• Third-party financing Power Purchase Agreement: You contract with a solar energy system installation company to design, install, and deploy a system but pay nothing up front. Instead, you pay them a fixed rate each month for the duration of the contract. The monthly rate is figured on your current electric consumption. They own the system and the rights to sell back to the grid any energy produced in excess of your needs to cover their maintenance and monitoring costs for the duration of the contract. According to Damrau, this can require installing a system larger than what you would actually need because the solar company has to "harvest more energy than the established consumption rate."
  • Leasing model: This model is typical of other large equipment leases, such as for automobiles or office equipment. If you don't want to pay upfront costs to own and have a system installed, you pay to lease the system over a period of years or decades. Generally, when the lease is up, you can buy out the system for what Damrau describes as a "modest fee."

Installing solar panels is no small investment. Still, there are plenty of incentive programs to help you financially make the most of your investment. "Federal tax incentives are the most famous," Damrau says, "but there are also asset depreciation models, often requiring guidance by a tax expert." If you think you can save more money going the DIY route, know that proper installation certification is required by utility companies when you are connecting to the grid. Also, make sure you thoroughly research everything you are entitled to get back before you calculate your projected savings.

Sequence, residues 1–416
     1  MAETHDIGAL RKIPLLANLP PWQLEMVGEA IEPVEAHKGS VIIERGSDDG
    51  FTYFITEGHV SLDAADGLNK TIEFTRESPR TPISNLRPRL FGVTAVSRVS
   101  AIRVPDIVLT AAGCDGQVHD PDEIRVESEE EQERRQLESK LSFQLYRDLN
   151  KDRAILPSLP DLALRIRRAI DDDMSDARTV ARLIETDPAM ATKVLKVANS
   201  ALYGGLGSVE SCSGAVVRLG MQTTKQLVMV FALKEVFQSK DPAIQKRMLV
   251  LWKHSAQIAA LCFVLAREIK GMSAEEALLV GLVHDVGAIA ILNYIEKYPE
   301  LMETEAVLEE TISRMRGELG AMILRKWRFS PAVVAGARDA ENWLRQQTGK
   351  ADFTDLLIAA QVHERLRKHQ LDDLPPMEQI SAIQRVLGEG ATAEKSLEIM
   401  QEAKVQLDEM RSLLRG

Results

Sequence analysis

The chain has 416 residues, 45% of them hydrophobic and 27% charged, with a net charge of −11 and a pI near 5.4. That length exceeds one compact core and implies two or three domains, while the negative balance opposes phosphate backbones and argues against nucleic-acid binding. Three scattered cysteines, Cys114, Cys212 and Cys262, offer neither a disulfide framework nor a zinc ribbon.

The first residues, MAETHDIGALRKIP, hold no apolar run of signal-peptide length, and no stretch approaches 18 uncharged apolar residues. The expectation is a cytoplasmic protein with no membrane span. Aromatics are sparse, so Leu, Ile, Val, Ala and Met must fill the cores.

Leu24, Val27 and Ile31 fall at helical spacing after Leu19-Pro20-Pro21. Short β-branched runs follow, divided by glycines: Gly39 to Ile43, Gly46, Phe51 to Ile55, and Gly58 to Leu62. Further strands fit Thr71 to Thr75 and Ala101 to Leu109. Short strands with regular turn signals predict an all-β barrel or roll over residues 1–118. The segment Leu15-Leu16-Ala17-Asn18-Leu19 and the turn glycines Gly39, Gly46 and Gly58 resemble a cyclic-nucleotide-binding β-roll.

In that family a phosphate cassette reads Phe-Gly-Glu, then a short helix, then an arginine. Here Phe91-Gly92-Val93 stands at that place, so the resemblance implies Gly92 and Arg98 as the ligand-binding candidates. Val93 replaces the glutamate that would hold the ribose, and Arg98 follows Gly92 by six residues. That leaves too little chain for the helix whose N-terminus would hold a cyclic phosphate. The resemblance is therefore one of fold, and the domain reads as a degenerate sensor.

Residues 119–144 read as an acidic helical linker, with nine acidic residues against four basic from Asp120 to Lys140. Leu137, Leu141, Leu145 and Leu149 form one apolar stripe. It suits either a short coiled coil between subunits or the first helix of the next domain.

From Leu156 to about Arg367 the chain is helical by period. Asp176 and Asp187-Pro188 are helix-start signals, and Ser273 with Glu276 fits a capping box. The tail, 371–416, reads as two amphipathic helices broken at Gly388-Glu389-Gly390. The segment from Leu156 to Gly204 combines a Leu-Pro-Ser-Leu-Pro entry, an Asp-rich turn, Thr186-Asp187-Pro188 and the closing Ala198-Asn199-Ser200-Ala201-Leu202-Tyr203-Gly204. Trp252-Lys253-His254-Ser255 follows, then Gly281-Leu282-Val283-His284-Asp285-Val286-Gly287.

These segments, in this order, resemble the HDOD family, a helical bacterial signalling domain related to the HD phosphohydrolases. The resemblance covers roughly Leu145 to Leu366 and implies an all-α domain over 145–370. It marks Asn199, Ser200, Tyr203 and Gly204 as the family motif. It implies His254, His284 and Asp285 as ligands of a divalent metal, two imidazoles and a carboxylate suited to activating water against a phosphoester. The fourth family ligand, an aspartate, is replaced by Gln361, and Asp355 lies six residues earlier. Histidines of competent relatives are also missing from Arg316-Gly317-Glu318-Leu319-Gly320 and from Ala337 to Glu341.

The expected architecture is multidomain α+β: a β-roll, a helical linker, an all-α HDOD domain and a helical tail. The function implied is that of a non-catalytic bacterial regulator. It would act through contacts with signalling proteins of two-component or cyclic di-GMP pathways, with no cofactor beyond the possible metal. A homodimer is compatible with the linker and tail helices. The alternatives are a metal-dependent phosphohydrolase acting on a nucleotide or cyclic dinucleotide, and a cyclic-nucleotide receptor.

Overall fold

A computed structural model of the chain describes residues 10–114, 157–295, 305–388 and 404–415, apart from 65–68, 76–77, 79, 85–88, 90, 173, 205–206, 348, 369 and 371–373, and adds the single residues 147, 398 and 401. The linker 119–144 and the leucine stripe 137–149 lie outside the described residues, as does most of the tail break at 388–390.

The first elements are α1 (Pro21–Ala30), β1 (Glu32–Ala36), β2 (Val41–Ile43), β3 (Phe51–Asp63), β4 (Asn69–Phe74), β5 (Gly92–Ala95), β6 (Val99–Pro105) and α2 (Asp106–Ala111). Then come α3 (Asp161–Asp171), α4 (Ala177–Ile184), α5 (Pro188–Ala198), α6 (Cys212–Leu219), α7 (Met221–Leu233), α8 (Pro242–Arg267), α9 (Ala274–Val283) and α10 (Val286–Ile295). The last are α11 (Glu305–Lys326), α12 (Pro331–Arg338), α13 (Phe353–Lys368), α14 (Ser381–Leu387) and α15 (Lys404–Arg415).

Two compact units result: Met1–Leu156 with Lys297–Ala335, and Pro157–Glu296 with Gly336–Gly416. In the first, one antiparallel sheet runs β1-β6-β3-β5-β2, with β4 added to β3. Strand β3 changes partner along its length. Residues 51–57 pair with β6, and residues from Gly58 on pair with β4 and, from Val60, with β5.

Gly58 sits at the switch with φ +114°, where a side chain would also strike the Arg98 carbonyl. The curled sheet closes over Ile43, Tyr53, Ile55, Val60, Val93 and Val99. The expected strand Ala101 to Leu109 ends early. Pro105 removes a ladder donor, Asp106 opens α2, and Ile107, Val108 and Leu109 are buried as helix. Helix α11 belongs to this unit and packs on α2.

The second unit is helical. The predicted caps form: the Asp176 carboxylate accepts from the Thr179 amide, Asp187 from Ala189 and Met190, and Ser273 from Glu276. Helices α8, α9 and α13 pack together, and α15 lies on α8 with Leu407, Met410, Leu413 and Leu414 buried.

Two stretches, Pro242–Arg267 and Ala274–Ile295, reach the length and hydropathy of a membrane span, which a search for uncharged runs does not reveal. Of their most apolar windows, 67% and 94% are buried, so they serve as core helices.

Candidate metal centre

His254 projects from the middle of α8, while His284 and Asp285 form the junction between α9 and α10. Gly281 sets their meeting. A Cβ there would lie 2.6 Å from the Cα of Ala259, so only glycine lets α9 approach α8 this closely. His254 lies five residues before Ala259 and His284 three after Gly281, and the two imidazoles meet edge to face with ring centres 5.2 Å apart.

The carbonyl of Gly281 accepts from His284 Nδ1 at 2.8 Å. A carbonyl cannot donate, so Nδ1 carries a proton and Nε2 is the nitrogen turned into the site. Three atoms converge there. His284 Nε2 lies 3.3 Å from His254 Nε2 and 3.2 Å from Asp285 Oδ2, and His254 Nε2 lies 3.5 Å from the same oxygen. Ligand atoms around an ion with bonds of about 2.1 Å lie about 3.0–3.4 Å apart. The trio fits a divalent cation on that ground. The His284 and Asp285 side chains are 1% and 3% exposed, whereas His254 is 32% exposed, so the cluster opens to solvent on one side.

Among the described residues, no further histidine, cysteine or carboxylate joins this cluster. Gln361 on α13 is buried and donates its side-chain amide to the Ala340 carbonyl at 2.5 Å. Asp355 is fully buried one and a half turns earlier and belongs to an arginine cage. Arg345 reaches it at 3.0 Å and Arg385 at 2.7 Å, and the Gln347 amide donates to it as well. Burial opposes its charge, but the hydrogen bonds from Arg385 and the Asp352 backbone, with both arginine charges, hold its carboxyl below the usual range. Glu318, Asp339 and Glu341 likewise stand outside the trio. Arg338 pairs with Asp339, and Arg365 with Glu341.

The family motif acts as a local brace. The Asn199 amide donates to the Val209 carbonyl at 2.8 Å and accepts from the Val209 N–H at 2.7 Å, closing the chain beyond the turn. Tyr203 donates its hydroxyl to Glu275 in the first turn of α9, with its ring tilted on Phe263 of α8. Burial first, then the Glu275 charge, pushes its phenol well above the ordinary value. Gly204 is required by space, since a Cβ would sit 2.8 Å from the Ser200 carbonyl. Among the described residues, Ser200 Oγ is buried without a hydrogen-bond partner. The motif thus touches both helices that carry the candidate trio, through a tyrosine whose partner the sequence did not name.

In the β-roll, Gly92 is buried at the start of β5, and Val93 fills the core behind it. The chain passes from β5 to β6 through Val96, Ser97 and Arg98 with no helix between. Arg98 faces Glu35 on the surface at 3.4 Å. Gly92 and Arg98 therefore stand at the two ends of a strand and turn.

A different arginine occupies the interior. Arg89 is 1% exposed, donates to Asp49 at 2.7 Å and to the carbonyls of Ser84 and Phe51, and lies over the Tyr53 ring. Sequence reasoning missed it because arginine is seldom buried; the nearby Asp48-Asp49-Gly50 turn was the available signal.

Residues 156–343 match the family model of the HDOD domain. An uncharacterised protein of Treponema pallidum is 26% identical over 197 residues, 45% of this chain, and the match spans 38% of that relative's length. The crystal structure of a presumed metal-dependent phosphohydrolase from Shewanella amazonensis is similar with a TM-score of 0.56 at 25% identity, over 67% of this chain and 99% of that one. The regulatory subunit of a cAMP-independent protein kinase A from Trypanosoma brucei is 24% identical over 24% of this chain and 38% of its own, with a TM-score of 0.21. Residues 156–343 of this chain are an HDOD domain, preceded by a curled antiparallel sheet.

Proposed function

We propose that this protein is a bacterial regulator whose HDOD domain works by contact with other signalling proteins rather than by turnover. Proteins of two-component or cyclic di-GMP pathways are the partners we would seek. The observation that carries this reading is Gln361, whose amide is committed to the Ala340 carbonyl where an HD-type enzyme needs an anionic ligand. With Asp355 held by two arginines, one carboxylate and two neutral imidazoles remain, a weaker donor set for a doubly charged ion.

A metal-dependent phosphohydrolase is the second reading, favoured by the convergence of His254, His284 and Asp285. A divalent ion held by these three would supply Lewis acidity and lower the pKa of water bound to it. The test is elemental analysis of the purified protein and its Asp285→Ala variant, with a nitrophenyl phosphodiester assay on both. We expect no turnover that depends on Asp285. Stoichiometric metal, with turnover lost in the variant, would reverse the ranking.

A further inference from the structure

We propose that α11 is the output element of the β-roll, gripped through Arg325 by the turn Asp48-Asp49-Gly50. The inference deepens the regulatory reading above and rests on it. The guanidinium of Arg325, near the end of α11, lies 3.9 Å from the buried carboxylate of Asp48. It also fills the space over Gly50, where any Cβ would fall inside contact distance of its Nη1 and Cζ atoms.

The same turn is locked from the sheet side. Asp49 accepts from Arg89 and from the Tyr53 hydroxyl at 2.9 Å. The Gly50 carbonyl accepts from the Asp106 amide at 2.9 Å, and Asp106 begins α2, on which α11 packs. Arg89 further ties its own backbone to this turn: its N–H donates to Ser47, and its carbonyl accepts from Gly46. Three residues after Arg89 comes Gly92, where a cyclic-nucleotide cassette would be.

If you decide to go with an installation company, there are a growing number of them. Do your due diligence, and get several estimates. Other than your home and your family, your relationship with your solar energy system may be one of your longest.

Image credit to ThinkStock/hansenn

About the Author

Iris Price is a single Baby Boomer whose antidote to a lack of retirement funds was to launch a long-delayed career as a writer. While others her age concoct bucket lists and travel the world, she bought a new-construction home and obsessively creates lists of must-have home improvements and personal realization goals. She specializes in writing about home services and self-motivation.